Saturday, September 23, 2017
Suzan Farmer (1942-2017)
In the last twelve months three women associated with Hammer Films have passed away--Valerie Gaunt, Yvonne Monlaur, and Jennifer Daniel. Unfortunately another must be added to the list: Suzan Farmer. The English actress appeared in four films for the company--THE CRIMSON BLADE, THE DEVIL-SHIP PIRATES, DRACULA, PRINCE OF DARKNESS, and RASPUTIN, THE MAD MONK. She also starred in American-International's 1965 H.P. Lovecraft adaptation DIE, MONSTER, DIE!, with Boris Karloff and Nick Adams.
Suzan's genre roles were all basically similar--a pretty young girl menaced by strange and dark forces. These parts may not have been very substantial, but Farmer brought a fresh-faced innocence to them that made her a perfect damsel in distress. She was the subject of Christopher Lee's sinister designs in three different films, most memorably in DRACULA, PRINCE OF DARKNESS. The scene where Lee's Count tries to initiate Suzan's Diana Kent into the habits of the undead is a major Hammer highlight.
I've always had a fondness for DIE, MONSTER, DIE!, mostly because I first saw it on Svengoolie's show back in the 1980s (when Sven was known as the Son of Svengoolie). It's not a great film, but it's perfect example of a Saturday afternoon monster flick. In her other genre roles Farmer looked fantastic in period costume, but DIE, MONSTER, DIE! allowed her to wear a more normal, contemporary wardrobe. She plays something of the equivalent of a Marilyn Munster role, since she's the daughter of Boris Karloff and Freda Jackson (how did those two have an offspring that looked like Suzan?). Farmer's beauty and nice girl attitude made her stick out like a sore thumb among the dour surroundings of this movie.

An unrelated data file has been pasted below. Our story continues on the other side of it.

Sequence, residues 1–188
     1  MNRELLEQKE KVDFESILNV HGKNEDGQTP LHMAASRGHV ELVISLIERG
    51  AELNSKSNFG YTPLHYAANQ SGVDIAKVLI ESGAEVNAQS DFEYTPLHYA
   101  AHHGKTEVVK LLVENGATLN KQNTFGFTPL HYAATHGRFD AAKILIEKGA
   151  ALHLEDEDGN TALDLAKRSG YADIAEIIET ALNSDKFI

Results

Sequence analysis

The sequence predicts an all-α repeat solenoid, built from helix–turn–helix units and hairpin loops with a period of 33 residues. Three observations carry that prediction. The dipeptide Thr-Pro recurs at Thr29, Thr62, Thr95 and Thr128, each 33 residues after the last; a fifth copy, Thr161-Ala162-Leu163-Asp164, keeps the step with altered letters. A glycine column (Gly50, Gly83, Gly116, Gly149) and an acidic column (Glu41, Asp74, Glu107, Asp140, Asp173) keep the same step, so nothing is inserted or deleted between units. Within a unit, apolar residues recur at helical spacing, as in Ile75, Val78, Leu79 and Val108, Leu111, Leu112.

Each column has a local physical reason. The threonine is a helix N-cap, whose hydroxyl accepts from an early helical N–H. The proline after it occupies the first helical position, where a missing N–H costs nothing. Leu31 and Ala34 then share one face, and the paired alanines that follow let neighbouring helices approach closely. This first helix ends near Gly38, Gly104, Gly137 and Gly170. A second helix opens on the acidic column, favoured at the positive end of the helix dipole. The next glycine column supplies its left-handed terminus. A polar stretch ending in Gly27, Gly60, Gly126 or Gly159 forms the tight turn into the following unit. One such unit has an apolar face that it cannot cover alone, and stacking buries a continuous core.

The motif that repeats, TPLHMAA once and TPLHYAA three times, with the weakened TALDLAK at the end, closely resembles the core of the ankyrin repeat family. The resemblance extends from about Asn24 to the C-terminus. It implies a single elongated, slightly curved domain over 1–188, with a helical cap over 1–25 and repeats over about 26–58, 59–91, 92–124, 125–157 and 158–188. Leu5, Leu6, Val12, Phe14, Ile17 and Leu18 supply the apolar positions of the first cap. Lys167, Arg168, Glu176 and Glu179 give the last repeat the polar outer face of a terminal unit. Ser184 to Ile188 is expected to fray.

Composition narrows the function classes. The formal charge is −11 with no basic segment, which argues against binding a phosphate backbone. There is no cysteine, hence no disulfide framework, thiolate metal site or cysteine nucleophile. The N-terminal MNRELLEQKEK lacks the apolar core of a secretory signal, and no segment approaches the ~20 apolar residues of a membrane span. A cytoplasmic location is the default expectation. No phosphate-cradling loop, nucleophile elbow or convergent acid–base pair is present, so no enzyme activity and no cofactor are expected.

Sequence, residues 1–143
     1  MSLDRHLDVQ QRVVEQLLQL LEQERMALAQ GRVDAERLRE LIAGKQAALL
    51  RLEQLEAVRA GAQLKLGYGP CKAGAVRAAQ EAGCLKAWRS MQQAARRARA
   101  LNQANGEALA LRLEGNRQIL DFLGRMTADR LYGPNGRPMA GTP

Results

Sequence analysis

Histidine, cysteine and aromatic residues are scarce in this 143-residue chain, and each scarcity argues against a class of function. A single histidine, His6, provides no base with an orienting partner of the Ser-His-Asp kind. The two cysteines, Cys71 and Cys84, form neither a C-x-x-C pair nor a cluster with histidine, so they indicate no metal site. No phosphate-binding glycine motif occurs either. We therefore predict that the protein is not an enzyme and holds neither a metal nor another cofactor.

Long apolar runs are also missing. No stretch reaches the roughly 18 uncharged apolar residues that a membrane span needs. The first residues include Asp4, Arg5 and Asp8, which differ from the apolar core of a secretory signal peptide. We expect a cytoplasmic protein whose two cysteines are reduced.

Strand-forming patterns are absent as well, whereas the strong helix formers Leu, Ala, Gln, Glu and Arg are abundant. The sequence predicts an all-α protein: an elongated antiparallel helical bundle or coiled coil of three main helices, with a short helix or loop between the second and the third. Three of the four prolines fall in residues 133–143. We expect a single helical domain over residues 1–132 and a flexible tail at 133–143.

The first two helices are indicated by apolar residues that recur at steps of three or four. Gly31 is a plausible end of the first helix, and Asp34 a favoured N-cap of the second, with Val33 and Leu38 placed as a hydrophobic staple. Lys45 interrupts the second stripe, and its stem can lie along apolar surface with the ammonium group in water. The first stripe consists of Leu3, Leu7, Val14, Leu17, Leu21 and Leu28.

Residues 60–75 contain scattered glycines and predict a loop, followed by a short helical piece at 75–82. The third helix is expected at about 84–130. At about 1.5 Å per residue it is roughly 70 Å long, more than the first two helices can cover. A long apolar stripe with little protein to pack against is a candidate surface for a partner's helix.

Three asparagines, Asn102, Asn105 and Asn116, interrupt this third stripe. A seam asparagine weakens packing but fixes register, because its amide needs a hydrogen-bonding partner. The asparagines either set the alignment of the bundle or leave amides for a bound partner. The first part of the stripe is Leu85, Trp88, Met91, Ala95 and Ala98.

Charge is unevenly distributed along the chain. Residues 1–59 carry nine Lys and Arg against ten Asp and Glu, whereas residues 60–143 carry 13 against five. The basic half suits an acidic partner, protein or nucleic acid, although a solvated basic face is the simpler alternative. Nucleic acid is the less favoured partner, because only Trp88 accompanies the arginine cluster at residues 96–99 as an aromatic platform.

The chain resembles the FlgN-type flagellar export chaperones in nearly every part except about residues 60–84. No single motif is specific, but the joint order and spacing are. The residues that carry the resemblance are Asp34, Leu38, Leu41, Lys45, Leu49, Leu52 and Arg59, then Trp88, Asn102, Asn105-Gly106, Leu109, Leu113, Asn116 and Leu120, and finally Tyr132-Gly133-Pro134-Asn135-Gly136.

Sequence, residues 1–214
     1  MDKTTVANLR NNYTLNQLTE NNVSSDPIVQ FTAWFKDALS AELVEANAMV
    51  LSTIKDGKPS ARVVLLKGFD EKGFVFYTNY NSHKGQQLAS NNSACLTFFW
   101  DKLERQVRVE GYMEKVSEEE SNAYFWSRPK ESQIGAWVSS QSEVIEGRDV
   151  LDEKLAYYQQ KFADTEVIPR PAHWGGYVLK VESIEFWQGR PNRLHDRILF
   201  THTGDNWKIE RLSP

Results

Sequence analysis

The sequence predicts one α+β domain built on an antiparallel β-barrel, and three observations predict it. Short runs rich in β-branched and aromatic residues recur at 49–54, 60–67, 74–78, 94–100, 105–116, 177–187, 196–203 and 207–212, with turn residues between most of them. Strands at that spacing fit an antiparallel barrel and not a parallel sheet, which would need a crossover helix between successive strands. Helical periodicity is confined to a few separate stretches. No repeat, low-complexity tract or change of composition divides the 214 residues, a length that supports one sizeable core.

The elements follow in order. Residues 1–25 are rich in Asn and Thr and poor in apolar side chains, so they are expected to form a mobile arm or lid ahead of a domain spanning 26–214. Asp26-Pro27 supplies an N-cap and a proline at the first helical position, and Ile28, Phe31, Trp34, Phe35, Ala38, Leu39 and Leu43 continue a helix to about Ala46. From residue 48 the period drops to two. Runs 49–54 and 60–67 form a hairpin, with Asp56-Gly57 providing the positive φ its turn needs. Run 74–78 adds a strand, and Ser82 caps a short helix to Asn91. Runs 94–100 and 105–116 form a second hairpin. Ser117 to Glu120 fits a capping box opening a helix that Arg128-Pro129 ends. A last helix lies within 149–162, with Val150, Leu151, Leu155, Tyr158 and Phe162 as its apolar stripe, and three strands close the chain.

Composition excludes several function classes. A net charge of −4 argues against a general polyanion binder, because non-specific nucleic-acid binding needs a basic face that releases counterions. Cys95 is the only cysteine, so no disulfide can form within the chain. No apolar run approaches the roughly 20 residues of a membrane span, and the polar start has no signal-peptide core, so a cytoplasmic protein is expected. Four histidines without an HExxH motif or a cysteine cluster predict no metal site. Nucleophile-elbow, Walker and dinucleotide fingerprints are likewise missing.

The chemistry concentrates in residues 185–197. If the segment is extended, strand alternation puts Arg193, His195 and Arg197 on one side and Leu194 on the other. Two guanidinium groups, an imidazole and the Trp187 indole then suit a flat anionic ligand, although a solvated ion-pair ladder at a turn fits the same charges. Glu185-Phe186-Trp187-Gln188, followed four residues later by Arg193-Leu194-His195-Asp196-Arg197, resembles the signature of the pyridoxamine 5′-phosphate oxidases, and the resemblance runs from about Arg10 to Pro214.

Most of Farmer's acting career mostly consisted of appearances on British TV in the 1960s and 1970s (I don't think she would have fit in very well with the more explicit Hammer productions made in the early Seventies). She had stayed out of the public eye for a long time, but she did participate in an audio commentary for an Anchor Bay DVD of DRACULA, PRINCE OF DARKNESS, along with her co-stars Christopher Lee, Barbara Shelley, and Francis Matthews. (The commentary is also available on the Millennium Blu-ray of DPOD.) Farmer was definitely the quietest one of the quartet, but she seemed to enjoy the experience.
I don't particularly relish writing these posts on the passing of Hammer performers--I hope this is the last one I have to do for a while. This does make me treasure even more the encounters I have had with some of the Hammer ladies over the years.